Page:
Posted: 01/02/2014 at 19:45
Hello My name is Brian Porter, Road Race Course Measurement Secretary for The North of England. The course measurers in The UK do an incredible job making sure road races are at least the distance advertised. However, due to retirements, injury and work commitments, we are decreasing in number. If the decrease continues David Attenborough will do a documentary about us becoming an endangered species! We are particularly short of measurers in Cumbria, Nothumberland, North and South Yorkshire, Humberside, Licolnshire.
All that is needed is a bicycle, a notebook and a calculator. The initial training is done on line at a time to suit you, then you go out with a qualified measurer to practice what you have learned. Actual measurements of events are done at a mutually agreeable time arranged with Race Directors, and it doesn't cost you anything except your time as all expenses are covered.
Think you've got what it takes? Take a look at www.coursemeasurement.org.uk
Here is what led a new race organiser, Doug Hyde, to become a course measurer in 2009,
As an employee of event organisers Birmingham City Council, I had been competing in and organising (at a low level) running events since the early eighties. My professional role is in Transportation and Highways and, with this experience, I was asked two or three years ago by colleagues in the Events team for views and ideas for a half marathon event. This led to a number of options being developed, which were then discussed with various experienced race promoters. When a final preference was arrived at for the 2008 race, I was asked to accompany the official course measurer, former London Marathon winner Hugh Jones, to carry out the measure. The details of this process were unknown to me beforehand, as they probably are to nearly all race competitors!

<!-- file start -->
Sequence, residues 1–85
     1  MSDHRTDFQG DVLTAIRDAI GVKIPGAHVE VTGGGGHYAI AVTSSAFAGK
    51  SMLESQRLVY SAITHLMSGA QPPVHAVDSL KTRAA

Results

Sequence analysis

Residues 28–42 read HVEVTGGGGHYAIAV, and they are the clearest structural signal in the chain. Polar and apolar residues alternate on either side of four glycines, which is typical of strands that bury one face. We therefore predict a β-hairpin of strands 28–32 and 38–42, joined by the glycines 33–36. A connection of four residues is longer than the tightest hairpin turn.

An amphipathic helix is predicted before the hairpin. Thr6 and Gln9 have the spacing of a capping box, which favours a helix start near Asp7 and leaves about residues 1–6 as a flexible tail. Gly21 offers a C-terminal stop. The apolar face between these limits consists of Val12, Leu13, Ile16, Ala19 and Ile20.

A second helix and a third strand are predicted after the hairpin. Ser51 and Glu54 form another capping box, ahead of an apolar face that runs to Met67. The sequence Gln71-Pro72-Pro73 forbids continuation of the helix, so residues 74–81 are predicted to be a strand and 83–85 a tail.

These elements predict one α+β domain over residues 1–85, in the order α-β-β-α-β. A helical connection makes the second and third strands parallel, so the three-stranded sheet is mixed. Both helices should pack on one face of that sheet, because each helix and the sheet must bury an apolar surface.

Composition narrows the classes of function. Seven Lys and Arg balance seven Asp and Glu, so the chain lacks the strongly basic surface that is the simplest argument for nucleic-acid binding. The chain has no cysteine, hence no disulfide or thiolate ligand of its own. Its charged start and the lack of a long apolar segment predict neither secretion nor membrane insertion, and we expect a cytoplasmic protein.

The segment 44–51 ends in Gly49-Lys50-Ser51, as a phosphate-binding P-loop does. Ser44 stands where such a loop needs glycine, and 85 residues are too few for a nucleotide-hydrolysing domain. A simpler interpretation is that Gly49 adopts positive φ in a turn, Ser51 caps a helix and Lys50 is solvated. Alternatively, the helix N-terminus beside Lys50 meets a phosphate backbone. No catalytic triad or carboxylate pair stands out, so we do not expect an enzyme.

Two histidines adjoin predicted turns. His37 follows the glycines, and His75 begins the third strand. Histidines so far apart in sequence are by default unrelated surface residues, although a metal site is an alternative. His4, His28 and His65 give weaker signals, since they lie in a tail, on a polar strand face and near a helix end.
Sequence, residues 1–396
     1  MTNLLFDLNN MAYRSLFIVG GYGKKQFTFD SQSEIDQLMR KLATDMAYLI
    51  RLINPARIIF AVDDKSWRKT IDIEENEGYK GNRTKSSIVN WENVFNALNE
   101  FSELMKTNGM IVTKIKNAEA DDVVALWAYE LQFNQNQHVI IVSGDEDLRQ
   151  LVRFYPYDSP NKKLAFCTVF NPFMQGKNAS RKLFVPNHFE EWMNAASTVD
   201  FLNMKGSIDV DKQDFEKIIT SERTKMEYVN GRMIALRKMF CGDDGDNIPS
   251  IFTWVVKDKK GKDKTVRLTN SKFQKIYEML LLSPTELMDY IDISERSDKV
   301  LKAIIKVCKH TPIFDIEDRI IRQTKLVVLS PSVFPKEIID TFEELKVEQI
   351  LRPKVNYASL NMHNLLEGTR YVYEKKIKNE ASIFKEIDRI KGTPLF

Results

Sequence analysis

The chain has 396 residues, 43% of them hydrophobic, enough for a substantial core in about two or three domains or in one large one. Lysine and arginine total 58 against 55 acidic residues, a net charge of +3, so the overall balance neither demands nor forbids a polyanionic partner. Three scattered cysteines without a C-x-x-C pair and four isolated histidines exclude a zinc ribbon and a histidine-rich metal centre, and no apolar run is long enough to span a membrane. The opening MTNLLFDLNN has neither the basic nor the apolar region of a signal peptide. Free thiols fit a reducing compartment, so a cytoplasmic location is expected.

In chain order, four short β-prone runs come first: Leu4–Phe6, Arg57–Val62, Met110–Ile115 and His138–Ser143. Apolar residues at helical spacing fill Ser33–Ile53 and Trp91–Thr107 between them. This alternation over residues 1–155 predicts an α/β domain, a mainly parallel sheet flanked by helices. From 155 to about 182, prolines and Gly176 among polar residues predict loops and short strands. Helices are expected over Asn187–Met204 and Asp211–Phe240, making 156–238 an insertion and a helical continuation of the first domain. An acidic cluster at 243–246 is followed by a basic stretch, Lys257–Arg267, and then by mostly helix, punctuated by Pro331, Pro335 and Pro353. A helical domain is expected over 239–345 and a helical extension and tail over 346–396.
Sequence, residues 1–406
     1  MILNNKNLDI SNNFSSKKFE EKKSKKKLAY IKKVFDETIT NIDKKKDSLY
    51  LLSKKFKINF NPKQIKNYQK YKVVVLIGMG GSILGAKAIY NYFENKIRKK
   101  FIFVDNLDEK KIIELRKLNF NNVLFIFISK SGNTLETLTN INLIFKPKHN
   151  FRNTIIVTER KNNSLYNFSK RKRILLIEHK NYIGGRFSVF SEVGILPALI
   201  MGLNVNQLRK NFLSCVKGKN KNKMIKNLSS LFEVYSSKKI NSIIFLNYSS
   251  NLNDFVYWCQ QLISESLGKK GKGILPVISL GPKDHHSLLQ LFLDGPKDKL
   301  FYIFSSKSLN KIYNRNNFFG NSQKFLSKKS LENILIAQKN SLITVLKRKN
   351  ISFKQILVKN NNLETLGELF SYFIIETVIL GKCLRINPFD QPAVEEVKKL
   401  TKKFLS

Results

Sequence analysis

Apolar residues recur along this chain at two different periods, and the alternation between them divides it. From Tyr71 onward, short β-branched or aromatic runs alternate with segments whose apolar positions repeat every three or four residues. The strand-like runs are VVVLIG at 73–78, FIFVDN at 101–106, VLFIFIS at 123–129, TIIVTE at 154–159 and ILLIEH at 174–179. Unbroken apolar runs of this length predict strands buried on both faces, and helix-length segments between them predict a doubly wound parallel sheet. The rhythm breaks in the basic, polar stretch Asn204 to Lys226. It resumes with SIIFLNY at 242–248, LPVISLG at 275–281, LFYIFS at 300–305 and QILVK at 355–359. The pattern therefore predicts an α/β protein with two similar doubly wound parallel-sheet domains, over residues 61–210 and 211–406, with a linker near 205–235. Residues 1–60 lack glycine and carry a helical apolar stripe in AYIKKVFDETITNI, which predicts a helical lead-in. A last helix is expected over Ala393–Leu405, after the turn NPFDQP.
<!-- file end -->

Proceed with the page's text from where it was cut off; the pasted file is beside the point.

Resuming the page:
The system used is to measure the course using a “Jones counter” (named after an American measurer, not Hugh) on a bicycle wheel. This sounds very basic, and it is, but it has the advantage of simplicity and, used properly, great accuracy. The device measures approximately one “count” per 10 cm.
My own experience of course measurement came about by a lucky accident when I accompanied a measurer and he encouraged me to try it. I have met some wonderful people and cycled along many beautiful areas to measure.
I would be most grateful to hear from anyone who would like to know more about becoming a course measurer. Please email me at firstname.lastname@example.org